There’s a couple places where we’ve mentioned leks on this blog before–primarily where grouse have been involved–but the first happens to be from 2012, when I was sharing about another bird from the same family as the species shown in the video below. That was the Club-winged Manakin, which I caught on video with a small point-and-shoot camera looking through a guide’s spotting scope. As I explained back then, lek is a Swedish word that has come to mean competitive displays between males of a species to become the breeding choice of one or more females of the same species, most often in the avian world. This time, I got some video from my hand-held (and a tad shaky) Canon Powershot SX50:

In the video above, you can watch one, and then two, male Long-tailed Manakins call and flutter together in the woods just off-trail at Xandari Resort, perhaps as a display Continue reading

Wildlife at Carara and Manuel Antonio National Parks

napping Two-toed Sloth

napping Two-toed Sloth at Manuel Antonio National Park

In 2014, I went to Carara National Park with James, and we saw lots of birds and also a bunch of reptiles and mammals. Some of these I got photos of, and others I was able to catch on video. This last weekend I went to Carara again for a morning of birding, and the next day went out to Manuel Antonio National Park for the first time in over a decade. Carara was as fruitful as ever, although there were many birds that I only heard and couldn’t identify since I don’t know my Pacific coastal bird calls very well. Manuel Antonio proved extremely crowded with tourists, and with a couple mammals so accustomed to human interactions that they brazenly robbed unsuspecting visitors, like the raccoons with a pack of chips (which aren’t allowed in the park due to their crackling package that attracts raccoons, coatis, and monkeys) in the video below. I saw a White-faced Capuchin Monkey bare its teeth and snarl at a tourist for trying to take back an empty plastic grocery bag that the monkey had snatched from his backpack webbing, and, in a more peaceful scene, a Two-toed Sloth napping calmly while a horde of tourists snapped photos a meter or two below (pictured left).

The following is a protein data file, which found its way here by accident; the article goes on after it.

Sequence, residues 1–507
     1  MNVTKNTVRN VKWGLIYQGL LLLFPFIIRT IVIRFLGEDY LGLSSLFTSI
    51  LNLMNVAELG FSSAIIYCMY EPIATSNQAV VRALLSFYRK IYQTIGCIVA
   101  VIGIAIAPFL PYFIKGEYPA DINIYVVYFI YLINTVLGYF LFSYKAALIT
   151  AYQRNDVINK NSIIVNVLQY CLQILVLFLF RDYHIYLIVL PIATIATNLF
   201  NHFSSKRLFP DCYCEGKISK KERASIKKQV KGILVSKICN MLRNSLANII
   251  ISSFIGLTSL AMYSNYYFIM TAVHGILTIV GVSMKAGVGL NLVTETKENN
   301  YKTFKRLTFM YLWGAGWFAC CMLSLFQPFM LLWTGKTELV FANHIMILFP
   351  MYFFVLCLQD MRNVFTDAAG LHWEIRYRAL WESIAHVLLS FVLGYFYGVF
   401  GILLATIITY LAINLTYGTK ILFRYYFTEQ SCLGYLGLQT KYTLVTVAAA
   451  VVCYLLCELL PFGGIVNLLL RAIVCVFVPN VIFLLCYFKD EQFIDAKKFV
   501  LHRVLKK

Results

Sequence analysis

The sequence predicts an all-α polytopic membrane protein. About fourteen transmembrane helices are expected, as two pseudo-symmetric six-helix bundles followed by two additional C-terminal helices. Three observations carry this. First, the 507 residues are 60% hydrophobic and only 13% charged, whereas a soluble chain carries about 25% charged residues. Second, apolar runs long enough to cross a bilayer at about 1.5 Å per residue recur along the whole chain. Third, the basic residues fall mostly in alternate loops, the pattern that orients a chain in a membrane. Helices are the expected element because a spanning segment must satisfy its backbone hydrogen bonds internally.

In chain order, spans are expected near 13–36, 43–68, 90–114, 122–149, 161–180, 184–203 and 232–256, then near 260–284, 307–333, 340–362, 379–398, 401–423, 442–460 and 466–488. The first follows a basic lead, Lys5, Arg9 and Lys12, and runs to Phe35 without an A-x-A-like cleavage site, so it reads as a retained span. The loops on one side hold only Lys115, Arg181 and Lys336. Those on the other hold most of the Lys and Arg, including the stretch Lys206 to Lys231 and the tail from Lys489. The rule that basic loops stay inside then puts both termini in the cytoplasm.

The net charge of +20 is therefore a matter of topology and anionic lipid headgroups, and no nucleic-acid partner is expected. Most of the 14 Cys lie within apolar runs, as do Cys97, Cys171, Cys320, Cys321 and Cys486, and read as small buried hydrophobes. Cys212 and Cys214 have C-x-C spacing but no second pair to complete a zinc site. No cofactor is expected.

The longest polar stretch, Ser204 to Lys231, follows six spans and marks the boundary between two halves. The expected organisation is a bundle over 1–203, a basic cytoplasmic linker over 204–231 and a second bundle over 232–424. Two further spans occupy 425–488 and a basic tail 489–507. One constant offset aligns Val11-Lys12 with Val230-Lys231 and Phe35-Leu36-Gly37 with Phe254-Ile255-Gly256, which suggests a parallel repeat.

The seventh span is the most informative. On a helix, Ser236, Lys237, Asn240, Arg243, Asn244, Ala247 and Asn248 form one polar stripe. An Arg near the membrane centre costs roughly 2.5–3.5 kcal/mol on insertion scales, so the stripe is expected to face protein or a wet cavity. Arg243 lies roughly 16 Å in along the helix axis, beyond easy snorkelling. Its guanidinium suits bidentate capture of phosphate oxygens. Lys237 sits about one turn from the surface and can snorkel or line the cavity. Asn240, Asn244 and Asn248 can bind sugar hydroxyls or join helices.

In the following video, you can watch Continue reading

Bird Behavior at Xandari III

For the first two installments of this video series, please click here and here.

With footage filmed between late October and early December of this year, the compilation video below features twelve different families of birds, not including the domesticated chickens we have as egg-suppliers on property.

First, a Rufous-tailed Hummingbird scans its territory for trespassers; next, a female Yellow-throated Euphonia eats some tiny fruit from a local tree, and a male of the same species sings his bubbly song, which includes a mimicked phrase from the Rufous-breasted Wren toward the Continue reading

Insect Behavior at Xandari

Over the last month or so, I’ve been recording videos of animal behavior at Xandari, and I finally have enough to share a small compilation of insects doing their thing on property. Sometime during the next week, I’ll also upload a video of new bird behavior observed here.

In the video above, you’ll see a small colony of leaf-cutter ants Continue reading

The Journey of the Xandari Commuters

I wrote about my daily “commute” in the first post I wrote upon arriving to Xandari as an intern. However, circumstances have changed since then (I am proud to say that I am officially a company employee now), so I think it’s only fair for me to share an updated version that not only illustrates my own personal account but also reflects that of many other employees of the hotel as well.

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Because Coffee is ‘Human’

For those who believe life begins after coffee, the story of its origin will definitely sound familiar. Coffee grown worldwide can trace its heritage to the ancient coffee forests on the Ethiopian plateau, where legend says the goat herder Kaldi first discovered the potential of these beloved beans. It is said that Kaldi discovered coffee after noticing that his goats, upon eating berries from a certain tree, became so energetic that they did not want to sleep at night. Kaldi reported his findings to the abbot of the local monastery who made a drink with the berries and discovered that it kept him alert for the long hours of evening prayer. The abbot shared his discovery with the other monks at the monastery, and slowly knowledge of the energizing berries began to spread.